That's a great story...I would not have been able to hold back from her that I found them...I am stupid sometimes..I'm impressed you put them in a safe deposit box..truly...Good for you...glad you found them....she must have had the idea one day that she was supposed to do what her sister did with them...hmmmm.

Yes, one day at a time..for sure.

 

 


Smills4847
Posted: Thursday, December 5, 2019 1:34 PM
Joined: 12/5/2019
Posts: 1


My fathers father had alziemiers and we have been thinking that my 77 year old father was getting forgetful.   We thought it was more just typical 77 year old dementia.   But this week he accused me of stealing his $$. And has totally lost it.  Our entire family is a mess.  I am so mad and hurt, but I keep thinking if it’s dementia how can I be so mad.  How do I handle this?
Dave Cahail
Posted: Thursday, December 5, 2019 8:08 PM
Joined: 6/24/2018
Posts: 40


When I read your post, I automatically thought of my mother. She has so many of the same traits. 

We also noticed her losing things when she was still at home. First it resulted in her writing down things to remember but then losing those lists and notes. Then she started telling us that she was hiding money around the house - so yes, we too are going to have to go through everything. Then she started accusing the in home helper of taking things or not doing things to my mother's standards (which weren't that high to begin with).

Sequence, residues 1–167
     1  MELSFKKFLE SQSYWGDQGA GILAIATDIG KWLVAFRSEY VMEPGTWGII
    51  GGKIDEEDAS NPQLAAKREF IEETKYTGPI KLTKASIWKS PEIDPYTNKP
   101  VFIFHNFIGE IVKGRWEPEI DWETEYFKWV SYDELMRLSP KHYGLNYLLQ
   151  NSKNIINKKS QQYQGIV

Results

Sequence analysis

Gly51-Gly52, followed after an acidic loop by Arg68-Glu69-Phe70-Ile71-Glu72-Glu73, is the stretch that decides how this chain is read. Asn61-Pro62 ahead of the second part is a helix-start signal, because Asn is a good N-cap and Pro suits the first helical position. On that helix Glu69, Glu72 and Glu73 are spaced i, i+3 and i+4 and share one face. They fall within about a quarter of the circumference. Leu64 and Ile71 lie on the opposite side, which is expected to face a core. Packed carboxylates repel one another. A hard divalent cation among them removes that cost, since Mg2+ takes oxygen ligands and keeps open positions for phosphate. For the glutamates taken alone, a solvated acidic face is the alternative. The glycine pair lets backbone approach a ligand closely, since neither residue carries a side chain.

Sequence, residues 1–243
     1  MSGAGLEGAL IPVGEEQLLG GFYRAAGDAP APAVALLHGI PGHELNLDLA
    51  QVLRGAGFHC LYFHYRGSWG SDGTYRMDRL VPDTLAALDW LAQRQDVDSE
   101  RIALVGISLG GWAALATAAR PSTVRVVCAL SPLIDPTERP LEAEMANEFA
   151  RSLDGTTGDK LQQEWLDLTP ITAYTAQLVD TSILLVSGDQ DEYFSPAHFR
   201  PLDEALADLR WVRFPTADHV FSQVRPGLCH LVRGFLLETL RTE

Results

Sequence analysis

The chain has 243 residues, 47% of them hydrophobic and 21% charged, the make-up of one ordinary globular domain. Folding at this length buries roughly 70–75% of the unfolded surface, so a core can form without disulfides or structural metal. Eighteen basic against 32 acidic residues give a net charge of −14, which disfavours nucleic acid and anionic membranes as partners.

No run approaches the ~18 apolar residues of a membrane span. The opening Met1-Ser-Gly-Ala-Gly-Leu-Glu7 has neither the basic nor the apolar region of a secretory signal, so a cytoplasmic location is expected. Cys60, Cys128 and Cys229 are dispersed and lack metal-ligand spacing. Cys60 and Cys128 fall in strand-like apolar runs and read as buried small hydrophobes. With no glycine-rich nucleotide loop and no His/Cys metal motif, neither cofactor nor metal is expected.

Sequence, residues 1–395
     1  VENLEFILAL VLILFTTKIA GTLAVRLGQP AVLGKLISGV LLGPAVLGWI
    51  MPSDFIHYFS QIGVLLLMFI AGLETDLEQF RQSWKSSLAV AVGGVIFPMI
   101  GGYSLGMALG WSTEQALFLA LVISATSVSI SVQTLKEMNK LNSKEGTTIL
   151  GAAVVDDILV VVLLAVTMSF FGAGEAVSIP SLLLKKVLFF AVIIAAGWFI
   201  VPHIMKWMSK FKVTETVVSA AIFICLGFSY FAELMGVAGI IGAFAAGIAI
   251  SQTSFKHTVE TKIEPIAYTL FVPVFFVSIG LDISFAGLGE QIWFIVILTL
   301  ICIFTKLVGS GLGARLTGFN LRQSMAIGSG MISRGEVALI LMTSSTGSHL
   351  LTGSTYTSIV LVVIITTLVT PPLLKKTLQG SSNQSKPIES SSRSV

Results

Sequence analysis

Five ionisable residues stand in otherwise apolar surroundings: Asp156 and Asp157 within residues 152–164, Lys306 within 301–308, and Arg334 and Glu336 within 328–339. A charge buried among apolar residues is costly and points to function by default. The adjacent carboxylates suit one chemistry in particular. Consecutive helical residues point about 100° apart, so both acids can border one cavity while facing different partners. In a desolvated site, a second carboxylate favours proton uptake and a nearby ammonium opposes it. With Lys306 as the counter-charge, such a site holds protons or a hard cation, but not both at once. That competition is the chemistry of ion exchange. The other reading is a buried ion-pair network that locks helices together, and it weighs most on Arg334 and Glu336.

Now that she has been in assisted living / memory care for the past two years, she is also starting to accuse people of stealing her clothes (she has bought a lot of clothes and can't remember what she bought), food that she has in her room (which she forgets about and rots), her watch (which the MC staff found on her bathroom counter), and many other things. She just doesn't remember what she has or what she did with it. 

I usually try to be empathetic and just acknowledge what ever she says including how awful that is, maybe ask her a few questions about where she last had it and to look in specific places, and then deflect to another topic. In the majority of cases, she or others have found what she accused people of 'taking'.

It is hard to deal with but in the big picture, we just need to try to ally their fears and also realize in most cases, its just stuff that can be replaced if necessary. 


Wish2Roam
Posted: Saturday, December 7, 2019 10:10 AM
Joined: 2/16/2018
Posts: 153


Abuela, your post reminded me of a story a member of my support group told us recently.  Sherry is caregiver in her home for her Mom with Dementia.  Sometimes, the facilitator asks us to share a funny event if we wish.  This is what she shared.  Sherry was in the habit of removing her wedding rings and putting them in a little dish by the sink whenever she washed dishes, showered Mom, did heavy cleaning, etc.  This one evening, when all the chores were done and Sherry went to put her rings on....they were gone.  Sherry was in a panic and didn't know quite how to tell her husband she had lost her rings.  They (Sherry & Mom) searched the house high and low but no trace of the rings.  Next day while husband was at work, Sherry's neighbor took the sink and garbage disposal apart assuming the rings had just accidentally been knocked into the sink.  No luck.  A few days later, Sherry was taking Mom to the store, when she glanced in her rear view mirror, distracted by a little flash of light, and there was Mom in the back seat admiring her newly acquired rings.  Sherry said she almost ran off the road.